Roller Soccer may sound like the mad fever dream of a disgraced FIFA employee, but it is a game that dates back surprisingly far.
The game may not be the first soccer spin-off you think of, but its incredibly unique twist combining high-speed rollerblading with the inexorable thrill of soccer makes it among the more enjoyable, if not surreal sports to both watch and partake in.
The History of the Roller Skate
Roller Skates as a concept, were first created in 1743, where they were shown off during a London stage performance, however, who actually invented it was never recorded at the time.
They were simply a circus curiosity, with little use outside of on-stage shenanigans.
17 years later, the brilliantly named John Joseph Merlin was deigned as the roller-skate inventor, but it would still be almost 100 years before anywhere for the public to skate would be opened.
In 1857, London opened the first roller-skate rink, bringing the ‘sport’ into the public eye, and leading to improvement in the skates design.
James Plimpton would create the design associated with the modern skate just 6 years later. A simple 4-wheel shoe, with 2 at the front and back did wonders for the skate’s manoeuvrability.
But up to this point, the real trouble was stopping.
Stopping in a roller rink was one thing, the sides could break your momentum, at the cost of minor bruises, but were someone foolhardy enough to skate al fresco in the street, stopping was a far more dangerous and difficult affair.
No doubt in response to Victorians flying through the streets and crashing into pedestrians, the Toe-Stop was added to allow for control over one’s velocity, giving the wielder of the skate complete control over their momentum for the first time.
As a result, of this newfound freedom of movement, the roller-skate grew in popularity in the 1880’s, as Brits had already grown fond of the invention.
Across the pond, the craze had taken hold of The U.S.A., Roller-Skates were now being mass-produced across America.
In a true testament to the popularity of the roller skate, 7,000 people turned up for the opening of the first Roller rink in Chicago, Illinois!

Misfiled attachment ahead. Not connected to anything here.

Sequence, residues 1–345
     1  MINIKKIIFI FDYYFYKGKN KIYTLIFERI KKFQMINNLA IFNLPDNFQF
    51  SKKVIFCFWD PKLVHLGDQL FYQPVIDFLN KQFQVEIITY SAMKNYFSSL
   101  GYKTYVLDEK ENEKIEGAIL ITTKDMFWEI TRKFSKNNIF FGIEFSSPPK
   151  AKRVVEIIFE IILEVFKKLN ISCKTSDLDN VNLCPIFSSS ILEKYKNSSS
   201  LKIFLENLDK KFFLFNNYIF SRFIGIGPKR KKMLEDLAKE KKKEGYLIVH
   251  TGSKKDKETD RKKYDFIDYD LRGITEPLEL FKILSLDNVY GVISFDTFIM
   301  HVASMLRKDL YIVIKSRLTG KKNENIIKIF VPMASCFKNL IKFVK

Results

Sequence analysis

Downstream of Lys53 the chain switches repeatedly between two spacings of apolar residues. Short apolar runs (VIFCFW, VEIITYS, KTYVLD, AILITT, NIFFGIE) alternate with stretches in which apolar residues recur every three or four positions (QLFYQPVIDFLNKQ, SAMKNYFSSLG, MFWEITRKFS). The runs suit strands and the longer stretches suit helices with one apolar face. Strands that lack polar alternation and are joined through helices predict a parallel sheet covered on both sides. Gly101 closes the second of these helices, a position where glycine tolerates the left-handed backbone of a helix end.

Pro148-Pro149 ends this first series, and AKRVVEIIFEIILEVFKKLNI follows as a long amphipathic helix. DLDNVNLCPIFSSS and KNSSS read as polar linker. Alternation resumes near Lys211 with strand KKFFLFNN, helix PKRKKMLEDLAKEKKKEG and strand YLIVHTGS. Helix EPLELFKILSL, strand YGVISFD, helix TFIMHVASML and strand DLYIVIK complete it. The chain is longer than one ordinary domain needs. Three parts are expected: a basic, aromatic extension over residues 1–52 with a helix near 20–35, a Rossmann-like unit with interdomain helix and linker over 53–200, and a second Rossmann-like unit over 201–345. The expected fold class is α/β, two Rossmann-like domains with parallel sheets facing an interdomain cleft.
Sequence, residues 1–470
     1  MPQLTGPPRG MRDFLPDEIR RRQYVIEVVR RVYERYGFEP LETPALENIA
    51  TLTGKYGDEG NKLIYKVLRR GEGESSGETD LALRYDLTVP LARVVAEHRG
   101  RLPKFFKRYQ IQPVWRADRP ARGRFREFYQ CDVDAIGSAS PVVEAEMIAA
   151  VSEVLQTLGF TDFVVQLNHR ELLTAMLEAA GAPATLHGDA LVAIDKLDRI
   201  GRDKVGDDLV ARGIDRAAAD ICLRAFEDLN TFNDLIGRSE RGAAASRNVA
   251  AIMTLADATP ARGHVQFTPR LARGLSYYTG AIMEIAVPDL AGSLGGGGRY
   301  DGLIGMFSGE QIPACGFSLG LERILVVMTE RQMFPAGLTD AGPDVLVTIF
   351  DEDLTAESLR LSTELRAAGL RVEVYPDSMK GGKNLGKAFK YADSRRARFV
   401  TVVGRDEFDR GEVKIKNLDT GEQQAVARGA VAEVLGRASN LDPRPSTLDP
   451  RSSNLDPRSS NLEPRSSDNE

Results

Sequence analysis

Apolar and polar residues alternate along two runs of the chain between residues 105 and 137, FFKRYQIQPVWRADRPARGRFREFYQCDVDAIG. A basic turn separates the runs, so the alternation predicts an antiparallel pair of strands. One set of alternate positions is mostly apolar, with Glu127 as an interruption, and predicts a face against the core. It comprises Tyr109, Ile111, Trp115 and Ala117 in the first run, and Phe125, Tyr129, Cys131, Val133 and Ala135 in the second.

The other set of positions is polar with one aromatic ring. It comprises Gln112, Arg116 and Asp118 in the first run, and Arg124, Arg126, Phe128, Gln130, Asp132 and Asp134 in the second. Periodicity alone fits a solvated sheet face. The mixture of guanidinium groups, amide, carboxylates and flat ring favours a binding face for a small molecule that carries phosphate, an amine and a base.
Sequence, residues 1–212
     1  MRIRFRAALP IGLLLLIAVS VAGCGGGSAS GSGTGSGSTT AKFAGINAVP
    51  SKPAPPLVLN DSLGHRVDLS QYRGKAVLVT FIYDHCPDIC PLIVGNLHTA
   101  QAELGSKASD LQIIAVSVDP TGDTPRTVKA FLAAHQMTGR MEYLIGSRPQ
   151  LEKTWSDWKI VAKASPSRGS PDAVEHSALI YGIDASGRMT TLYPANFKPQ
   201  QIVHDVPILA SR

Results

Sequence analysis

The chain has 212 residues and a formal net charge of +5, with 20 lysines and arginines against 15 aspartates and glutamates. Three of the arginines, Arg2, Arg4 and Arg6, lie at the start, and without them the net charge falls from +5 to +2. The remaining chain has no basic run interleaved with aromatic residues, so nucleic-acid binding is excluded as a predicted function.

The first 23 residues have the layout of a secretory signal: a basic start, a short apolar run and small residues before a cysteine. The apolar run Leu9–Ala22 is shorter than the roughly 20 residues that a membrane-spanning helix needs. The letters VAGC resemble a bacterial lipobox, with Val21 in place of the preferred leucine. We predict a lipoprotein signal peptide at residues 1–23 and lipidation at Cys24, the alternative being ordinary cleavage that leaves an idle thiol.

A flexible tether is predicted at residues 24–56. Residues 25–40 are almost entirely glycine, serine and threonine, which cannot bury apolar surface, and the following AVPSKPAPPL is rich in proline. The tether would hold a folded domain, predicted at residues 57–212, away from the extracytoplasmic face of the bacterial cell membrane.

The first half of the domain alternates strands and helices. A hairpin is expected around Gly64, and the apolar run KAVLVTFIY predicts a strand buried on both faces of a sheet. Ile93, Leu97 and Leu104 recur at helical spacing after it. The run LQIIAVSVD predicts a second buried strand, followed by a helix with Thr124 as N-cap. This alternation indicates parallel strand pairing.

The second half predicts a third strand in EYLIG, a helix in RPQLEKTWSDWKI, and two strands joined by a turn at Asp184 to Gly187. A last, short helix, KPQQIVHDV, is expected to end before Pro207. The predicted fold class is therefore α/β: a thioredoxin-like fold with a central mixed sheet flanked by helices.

The roller-skate very much continued on its path, becoming a huge part of American pop culture in the 50s, 60s and 70s before the next big change for Roller skating came along.
In 1979, roller blades were invented, a variation of the skate, that took inspiration from the classic ice skate, taking the 4 wheels and putting them into a straight line, mimicking an ice-skates blade.
It was harder to control than the classic design, but what it lost in ease of control it gained in speed and precision. When mastered, the roller blade was a far superior creation.
To round it off, the popularity of roller skates had grown so much that Ronald Reagan declared October as National Roller Skating Month in 1983.
So that’s the history of the roller skate/rollerblade, but the obvious question is how on Earth did we get from circling an oval-shaped rink to getting a football in the mix?
Roller Soccer: A Confusing and Sparse History
Created in the English Midlands the game itself dates back to 1882. Little is known about quite how it first came to be, but on the 30th of January in 1882, local rivals Derby and Burton faced off in the first-ever game of Roller Soccer.
The game ended 2-0 to Derby, with F. Harvey scoring both goals, and could have had a hat-trick, but saw a goal chalked off, the referee deeming it as having gone wide.
From here, the sport faded in and out of the public eye, never coming close to being legitimised as a sport, until 1934.
At London’s Forest Gate Roller Rink, two teams of female players faced off in a match that was filmed for an item on Pathé News.
It’s clear from the footage that the sport was very much seen as a bit of fun, with both the female players and predominantly male audience hollering and laughing at various slips, trips and pileups that occurred throughout the game.